As a moderate Democrat, I read this book with mixed emotions. I will say up-front that the writing is really quite good, and the reporting impeccable. Other reviewers have noted that the authors’ conservative credentials have given them nearly unlimited access to a ton of sources, and that redounds to the benefit of the reader. It’s a herculean achievement and these two authors deserve a lot of credit for their work. It’s a good thing for all of us to understand and respect the process of nominating a Supreme Court justice, and I appreciate the education.

It’s also clear that these writers are fine people and citizens. They’re both devout Christian believers – as I am – and dedicated professionals and family women. All to the good.

Thirdly, it’s abundantly plain from their detailed reporting that Justice Kavanaugh has many sterling qualities. He’s kind, a hard-working man, a good father and husband, a believer. From the accounts of this book, he rises to the high court with a resolve to be fair, to not prejudge cases according to some Trump doctrine, and he says he respects the ideal of “stare decisis.” So that’s good. He shares a 93% similar voting record with Merrick Garland (don’t get me started), so that’s good too.

However, I will echo what some other reviewers are pointing out. There are definitely moments when the right-wing bias of the writers bleeds through the narrative. Republican senators are “just doing their job,” while Democrats are “hysterical,” “apocalyptic,” “shockingly vicious.” They breathlessly relate how Senator Kamela Harris unleashes a torrent of f-bombs while ignoring the reality that Republican senators are equally prone to use profanity. No one has been more rabid during the recent impeachment proceedings than Lindsey Graham, but in this book he’s portrayed as a model of sobriety and thoughtful reflection. As they report on CBF’s testimony, they allow that it’s likely some encounter actually did happen but that failing memory or other factors fuzzed the account. But by their final chapter, they predictably revert to the Republican talking points and label the same scenario as “scurrilous and unverified stories.”

The other blind spot, in my view, is how the authors decry how Kavanaugh was assailed by a mountain of unfounded rumors . . . and then proceed to fill several pages with exactly the same sort of loose attacks on Ford, based on nothing but hearsay and flamboyant guilt-by-association regarding Holton-Arms, the high school she attended.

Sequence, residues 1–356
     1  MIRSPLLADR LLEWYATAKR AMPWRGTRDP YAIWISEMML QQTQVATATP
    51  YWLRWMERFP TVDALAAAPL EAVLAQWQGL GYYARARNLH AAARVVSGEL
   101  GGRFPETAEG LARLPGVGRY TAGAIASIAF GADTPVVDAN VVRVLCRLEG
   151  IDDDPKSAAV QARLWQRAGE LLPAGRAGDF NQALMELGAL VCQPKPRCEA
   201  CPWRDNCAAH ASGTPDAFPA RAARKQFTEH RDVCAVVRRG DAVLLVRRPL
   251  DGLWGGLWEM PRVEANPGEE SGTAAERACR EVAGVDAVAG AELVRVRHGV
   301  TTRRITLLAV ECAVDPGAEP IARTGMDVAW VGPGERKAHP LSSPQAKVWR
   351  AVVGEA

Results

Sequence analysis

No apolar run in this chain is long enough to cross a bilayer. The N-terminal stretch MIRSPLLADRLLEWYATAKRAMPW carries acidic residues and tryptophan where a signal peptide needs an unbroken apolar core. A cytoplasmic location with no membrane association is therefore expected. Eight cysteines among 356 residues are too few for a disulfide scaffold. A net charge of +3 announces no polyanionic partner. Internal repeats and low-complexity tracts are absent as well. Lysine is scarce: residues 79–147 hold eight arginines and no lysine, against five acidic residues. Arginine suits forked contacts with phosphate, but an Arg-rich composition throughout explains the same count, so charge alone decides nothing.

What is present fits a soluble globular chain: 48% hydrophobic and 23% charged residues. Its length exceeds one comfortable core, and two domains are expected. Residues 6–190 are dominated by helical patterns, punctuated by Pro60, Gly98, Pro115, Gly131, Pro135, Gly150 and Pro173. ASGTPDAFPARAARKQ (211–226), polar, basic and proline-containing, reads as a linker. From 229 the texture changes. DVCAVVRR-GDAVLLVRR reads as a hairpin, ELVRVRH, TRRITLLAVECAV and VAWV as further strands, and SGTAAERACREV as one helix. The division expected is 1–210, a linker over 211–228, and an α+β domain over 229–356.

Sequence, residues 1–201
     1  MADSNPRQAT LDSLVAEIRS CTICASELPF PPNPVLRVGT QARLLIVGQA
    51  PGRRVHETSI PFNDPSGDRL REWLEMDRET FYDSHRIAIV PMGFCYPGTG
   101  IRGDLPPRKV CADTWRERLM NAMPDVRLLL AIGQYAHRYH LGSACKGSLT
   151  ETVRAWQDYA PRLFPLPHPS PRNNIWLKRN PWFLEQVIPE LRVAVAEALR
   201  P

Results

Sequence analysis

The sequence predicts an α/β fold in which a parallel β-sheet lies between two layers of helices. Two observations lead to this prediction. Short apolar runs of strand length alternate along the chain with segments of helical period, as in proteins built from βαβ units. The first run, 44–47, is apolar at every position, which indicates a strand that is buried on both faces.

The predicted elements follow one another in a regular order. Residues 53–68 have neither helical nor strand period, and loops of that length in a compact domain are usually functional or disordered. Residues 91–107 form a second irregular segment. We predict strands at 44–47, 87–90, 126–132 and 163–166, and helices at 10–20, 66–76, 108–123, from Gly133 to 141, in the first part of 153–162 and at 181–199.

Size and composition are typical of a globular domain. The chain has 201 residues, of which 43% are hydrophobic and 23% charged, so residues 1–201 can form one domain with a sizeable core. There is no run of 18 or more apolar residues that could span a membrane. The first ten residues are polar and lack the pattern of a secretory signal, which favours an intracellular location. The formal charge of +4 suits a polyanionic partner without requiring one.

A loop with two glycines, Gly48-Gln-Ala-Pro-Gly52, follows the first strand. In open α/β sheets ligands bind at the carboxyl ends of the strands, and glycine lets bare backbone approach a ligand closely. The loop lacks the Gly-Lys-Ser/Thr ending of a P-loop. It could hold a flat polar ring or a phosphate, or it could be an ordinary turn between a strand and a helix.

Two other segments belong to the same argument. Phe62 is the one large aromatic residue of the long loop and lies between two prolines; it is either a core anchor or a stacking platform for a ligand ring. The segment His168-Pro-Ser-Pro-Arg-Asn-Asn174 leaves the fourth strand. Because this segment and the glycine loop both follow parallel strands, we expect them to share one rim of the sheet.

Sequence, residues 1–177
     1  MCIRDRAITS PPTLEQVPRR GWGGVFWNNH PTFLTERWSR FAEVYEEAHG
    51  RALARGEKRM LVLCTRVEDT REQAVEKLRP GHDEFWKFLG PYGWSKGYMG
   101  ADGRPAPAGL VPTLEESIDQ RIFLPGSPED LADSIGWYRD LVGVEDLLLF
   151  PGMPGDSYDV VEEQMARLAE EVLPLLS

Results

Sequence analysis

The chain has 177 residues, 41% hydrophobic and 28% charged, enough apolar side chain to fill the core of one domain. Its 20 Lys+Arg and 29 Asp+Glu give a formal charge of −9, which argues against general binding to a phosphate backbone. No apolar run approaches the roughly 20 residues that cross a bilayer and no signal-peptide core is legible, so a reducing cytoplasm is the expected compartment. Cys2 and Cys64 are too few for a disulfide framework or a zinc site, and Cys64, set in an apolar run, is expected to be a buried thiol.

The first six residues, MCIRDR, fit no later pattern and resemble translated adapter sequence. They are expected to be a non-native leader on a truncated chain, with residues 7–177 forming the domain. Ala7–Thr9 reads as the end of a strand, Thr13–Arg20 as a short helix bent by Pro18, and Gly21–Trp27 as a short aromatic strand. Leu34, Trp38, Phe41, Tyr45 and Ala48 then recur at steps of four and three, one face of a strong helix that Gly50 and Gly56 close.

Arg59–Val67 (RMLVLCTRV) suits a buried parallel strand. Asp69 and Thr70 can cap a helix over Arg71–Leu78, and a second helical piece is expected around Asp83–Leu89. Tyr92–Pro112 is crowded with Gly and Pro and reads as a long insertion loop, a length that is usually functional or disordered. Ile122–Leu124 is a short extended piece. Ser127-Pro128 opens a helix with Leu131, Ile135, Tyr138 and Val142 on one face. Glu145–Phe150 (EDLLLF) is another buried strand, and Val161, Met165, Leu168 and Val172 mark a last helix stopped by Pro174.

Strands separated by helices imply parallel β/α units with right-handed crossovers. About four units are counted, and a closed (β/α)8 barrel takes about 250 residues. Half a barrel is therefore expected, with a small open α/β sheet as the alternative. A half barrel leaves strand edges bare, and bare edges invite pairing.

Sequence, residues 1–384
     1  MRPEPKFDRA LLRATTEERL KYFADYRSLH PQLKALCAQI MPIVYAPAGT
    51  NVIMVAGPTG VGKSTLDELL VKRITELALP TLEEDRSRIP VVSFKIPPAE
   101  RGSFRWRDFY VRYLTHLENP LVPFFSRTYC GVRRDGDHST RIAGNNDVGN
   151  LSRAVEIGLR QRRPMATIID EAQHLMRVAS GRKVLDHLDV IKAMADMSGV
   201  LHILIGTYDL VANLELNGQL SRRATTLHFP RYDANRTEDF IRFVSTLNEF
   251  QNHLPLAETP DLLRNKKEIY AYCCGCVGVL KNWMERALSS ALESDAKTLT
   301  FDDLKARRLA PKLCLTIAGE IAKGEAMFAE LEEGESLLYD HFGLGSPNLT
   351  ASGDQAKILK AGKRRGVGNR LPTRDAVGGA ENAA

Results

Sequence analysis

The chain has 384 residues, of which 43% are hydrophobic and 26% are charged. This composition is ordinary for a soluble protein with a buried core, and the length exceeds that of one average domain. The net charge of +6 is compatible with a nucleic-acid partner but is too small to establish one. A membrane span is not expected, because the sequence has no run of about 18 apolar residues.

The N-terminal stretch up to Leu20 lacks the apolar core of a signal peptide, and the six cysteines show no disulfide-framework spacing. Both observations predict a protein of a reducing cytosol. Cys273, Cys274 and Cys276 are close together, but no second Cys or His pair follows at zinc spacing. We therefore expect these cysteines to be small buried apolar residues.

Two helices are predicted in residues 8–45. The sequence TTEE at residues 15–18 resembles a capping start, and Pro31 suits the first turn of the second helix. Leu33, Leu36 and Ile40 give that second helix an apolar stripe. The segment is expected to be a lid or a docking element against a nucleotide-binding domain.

Several senators shine through nicely in this story. Jeff Flake of Arizona, who essentially sacrificed his seat over his moral outrage over Donald Trump’s unfitness for office. Amy Klobuchar, who did a good job interviewing Kavanaugh and had to endure his one recorded lapse in judgment when he weirdly accused HER of having a drinking problem. And Susan Collins, who was genuinely conflicted about Kavanaugh and the preserving of Roe v. Wade and did a thorough job of due diligence before giving him her reluctant yes vote.

One more affirmation: the last 8% or so of this book is really, really good. It’s thoughtful, insightful, and analytical about what the Court needs. Just the last chapter alone makes this story an important contribution.

Here’s my third anxious observation, and I’ll point out that I finished reading this the same day I went to see “Bombshell,” the heartbreaking saga of how powerful men at Fox News sexually abused vulnerable women. One of these two writers works in that apparently sordid and corrupt place, so I’m confident she’s already taken this lesson to heart: SOMETIMES POWERFUL MEN ACTUALLY DO ASSAULT WOMEN  . . . and then determine to lie their way clear to the finish line. Deny deny deny come on let’s vote already. Cases in point: Donald Trump and Bill Clinton.

These writers are absolutely convinced that both Thomas and Kavanaugh were falsely accused. Perhaps so. Let’s hope so. But if shellshocked and battered women are telling the truth in 92% of all such cases, it’s more than troubling to wonder if there is perhaps a man sitting right now in that black robe who made a callous decision to prevaricate, while turning justice on its head by calling Anita Hill and Christine Blasey Ford the liars.


About David B. Smith

I'm a math professor at San Bernardino Valley College - awesome place! - and author of adult Christian fiction. Lisa and I have two grown daughters and four grandkids.
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